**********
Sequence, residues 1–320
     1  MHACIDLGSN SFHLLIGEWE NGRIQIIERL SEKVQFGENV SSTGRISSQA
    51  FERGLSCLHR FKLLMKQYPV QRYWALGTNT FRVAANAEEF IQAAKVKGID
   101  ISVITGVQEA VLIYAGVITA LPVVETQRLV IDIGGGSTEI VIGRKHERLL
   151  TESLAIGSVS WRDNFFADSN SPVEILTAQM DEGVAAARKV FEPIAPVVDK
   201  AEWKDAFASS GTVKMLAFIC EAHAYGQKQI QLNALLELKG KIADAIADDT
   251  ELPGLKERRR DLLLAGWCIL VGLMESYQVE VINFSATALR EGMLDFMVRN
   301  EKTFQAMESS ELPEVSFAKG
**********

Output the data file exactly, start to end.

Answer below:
Sequence, residues 1–320
     1  MHACIDLGSN SFHLLIGEWE NGRIQIIERL SEKVQFGENV SSTGRISSQA
    51  FERGLSCLHR FKLLMKQYPV QRYWALGTNT FRVAANAEEF IQAAKVKGID
   101  ISVITGVQEA VLIYAGVITA LPVVETQRLV IDIGGGSTEI VIGRKHERLL
   151  TESLAIGSVS WRDNFFADSN SPVEILTAQM DEGVAAARKV FEPIAPVVDK
   201  AEWKDAFASS GTVKMLAFIC EAHAYGQKQI QLNALLELKG KIADAIADDT
   251  ELPGLKERRR DLLLAGWCIL VGLMESYQVE VINFSATALR EGMLDFMVRN
   301  EKTFQAMESS ELPEVSFAKG